On the changing nature of teams (part 1)

What is the point of the organisation? Leicester and O’Hara state that “organisation is a means of getting things done. But it is also a way of living together. The purpose of any organisational form is to provide a means of collective agency”. This is insightful for two reasons: not only do we see that form should follow function, in terms of purpose, but also that the success of the form is the extent to which it facilitates and enables the group or team to be successful in this endeavour. There are many such ways that organisations have historically been structured and managed to achieve purpose. In recent times, we have seen challenges to the dominant hierarchical organisational paradigm. This blog series explores this in more detail, with a focus on self-managing teams. 

The emergence of different structures and approaches to management is predominantly the result of both a desire to liberate the intrinsic motivation inherent in most workers, and the driving force of technology. The former has been based on the need to maximise the skills, knowledge and experience of staff and a recognition that external motivators – compensation, benefits, status – are no longer enough for many. The latter has been based on a need for faster, more flexible working arrangements, driven by design-led and agile methodologies, and the need to co-ordinate staff and resources often spread across locations and time zones. 

This leads us to ask some core questions. Are different organisational structures being used within the public sector, and, if so, are they enabling the delivery of more entrepreneurial public services? What are the barriers and enablers of such change – the factors that we at the RSA call the system immune response? How do we need to change the existing incentives and accountability mechanisms that dominate the public sector in order to support such change? 

The nature of work-based teams is changing. Traditional teams are established within a largely stable, bureaucratic environment of the organisation. Emergent teams are much more likely to be ephemeral, a response to a need, or coalescing around a new idea or product. We move from the stable structures we see on production lines or in call centres to the dynamic structures through which teams deliver a new tech product or respond to an emergency. 

These changing trends can be summarised as follows:

Traditional Emergent
Social SystemIntact, stable, tightly bonded Composition changes regularly
RelationshipCo-located, face to faceWidely distributed, using tech communications
OutputsGenerated identifyable product, service or decisionHandle much wider variety of tasks with greater complexity tand uncertainty 
LeadershipClearly designated leaderShared leadership responsibilities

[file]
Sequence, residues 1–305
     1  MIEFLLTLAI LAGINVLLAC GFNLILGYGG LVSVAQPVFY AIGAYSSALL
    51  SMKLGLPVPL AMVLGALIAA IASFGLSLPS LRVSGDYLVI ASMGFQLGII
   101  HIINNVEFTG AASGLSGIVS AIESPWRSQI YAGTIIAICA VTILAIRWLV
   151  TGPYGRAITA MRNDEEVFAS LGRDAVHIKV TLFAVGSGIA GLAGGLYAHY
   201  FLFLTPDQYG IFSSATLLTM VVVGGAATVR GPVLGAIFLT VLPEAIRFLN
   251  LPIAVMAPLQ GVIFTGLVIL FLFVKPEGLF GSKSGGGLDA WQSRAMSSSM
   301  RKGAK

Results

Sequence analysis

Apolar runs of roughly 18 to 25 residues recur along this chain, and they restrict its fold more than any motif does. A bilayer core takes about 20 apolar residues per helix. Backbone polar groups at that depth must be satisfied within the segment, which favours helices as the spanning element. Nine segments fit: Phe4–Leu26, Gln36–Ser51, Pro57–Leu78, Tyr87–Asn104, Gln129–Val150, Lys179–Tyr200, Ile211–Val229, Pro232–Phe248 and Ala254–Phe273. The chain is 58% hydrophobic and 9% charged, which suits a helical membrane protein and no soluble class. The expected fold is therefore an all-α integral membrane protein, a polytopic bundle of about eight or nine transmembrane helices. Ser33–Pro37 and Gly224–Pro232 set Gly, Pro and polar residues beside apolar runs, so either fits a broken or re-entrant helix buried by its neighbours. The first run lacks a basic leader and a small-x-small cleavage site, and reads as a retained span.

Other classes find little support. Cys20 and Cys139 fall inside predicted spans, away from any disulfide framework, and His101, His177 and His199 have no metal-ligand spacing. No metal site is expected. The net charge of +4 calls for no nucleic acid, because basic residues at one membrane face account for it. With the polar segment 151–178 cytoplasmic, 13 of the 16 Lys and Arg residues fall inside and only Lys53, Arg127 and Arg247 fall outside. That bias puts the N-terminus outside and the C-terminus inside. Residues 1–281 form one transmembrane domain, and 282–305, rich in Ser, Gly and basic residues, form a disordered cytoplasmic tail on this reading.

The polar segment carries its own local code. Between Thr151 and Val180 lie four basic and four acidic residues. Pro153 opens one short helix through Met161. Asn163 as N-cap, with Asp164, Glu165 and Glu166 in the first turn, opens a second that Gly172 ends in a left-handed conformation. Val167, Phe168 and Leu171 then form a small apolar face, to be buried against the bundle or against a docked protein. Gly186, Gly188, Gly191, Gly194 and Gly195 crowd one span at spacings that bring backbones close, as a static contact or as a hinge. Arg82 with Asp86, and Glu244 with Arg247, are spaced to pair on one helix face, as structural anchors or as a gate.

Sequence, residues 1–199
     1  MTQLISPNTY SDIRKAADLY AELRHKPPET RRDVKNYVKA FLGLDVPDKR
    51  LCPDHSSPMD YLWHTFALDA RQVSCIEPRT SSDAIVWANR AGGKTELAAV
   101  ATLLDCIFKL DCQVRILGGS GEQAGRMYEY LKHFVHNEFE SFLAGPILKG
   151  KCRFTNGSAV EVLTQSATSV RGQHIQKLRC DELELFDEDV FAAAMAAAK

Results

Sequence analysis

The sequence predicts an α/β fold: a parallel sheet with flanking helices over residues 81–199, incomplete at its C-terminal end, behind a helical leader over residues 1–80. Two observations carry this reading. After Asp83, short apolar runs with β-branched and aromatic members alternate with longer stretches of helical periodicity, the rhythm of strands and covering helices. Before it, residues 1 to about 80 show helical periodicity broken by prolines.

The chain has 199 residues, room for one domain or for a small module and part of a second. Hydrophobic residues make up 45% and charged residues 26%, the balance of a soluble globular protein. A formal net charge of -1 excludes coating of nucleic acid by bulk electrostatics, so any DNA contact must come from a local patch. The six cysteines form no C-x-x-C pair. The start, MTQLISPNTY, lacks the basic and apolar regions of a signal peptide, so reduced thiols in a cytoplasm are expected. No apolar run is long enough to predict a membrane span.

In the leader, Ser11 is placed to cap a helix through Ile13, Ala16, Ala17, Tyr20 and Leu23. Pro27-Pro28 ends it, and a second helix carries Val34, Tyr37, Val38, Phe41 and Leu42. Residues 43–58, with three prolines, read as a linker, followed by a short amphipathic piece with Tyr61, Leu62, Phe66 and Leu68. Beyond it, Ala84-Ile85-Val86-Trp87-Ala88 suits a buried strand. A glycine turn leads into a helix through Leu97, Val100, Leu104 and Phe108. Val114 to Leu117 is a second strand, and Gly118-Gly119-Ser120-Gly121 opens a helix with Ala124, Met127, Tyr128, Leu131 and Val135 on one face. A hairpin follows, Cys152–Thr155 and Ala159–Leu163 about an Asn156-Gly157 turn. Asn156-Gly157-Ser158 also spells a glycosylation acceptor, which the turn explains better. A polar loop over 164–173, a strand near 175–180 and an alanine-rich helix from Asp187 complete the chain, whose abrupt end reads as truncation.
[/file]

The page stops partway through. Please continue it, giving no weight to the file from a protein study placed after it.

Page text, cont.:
AgencySingle organisational/agency contextTeams often draw members from multiple organisations or sources (multi-agency)
EmergenceCreated ‘top down’ by a manager to meet an organisational need / context Self-created, emergent or bottom-up (from self managing teams to social movements)
Based on Hackman and Katz (2010)

In traditional organisational structures, teams or groups tend to be “intact, stable, and tightly bounded social systems. Now, the composition of many groups shifts so often that it can be nearly impossible to pin down who actually is a member” (ten Vregelaar). 

This relates too to the public sector, where bureaucracies were designed to be stable and deliver solutions to problems. Getting people back into work, solving crimes, fixing broken bones; these all benefitted from hierarchy and stability, not only to solve the problem but to do so effectively and efficiently and offer accountability and clear decision-making structure. 

Yet the social challenges these bureaucracies are now required to address are increasingly complex; this complexity highlights the ineffectiveness of traditional, hierarchical approaches. It is the person on the frontline who knows the context, the person and the situation the best: a teacher, a social worker, a town planner, a community engagement worker, a housing officer… for people like these, hierarchical decision-making processes slow down the ability to act and respond nimbly and in a timely fashion to what they see in front of them. By the time authority is sought, and given, the optimum moment to act has often passed, a challenge highlighted in a different context by General Stan McChrystal in his book ‘Team of Teams’. 

We see social care contracts delivered by traditionally-organised teams whose managers can be as concerned about meeting the performance metrics required of the contract as they are about the welfare of the people receiving the home visits. Practitioner burden is the emotional weight borne by those on the front-line who, every time they visit someone, every day, are forced to confront the dynamic tension between meeting the needs of the person and the requirements of the contract. They are fact to face with the person to whom them are providing homecare whilst hearing the tick-tick-tick of the stopwatch telling them they have already spent too long if they are meet all their performance targets. 

It is into this space, and to resolve this tension, that Buurtzorg emerged in the Netherlands. Self managing teams in health and social care seek to empower their staff to do what they need to do when they are with their client in order to meet their needs. It’s ultimately about valuing humanity over bureaucracy. It’s about rebalancing the power dynamic, reducing the hierarchical power and increasing the importance of the individual. It’s a great example of emergent teams. 

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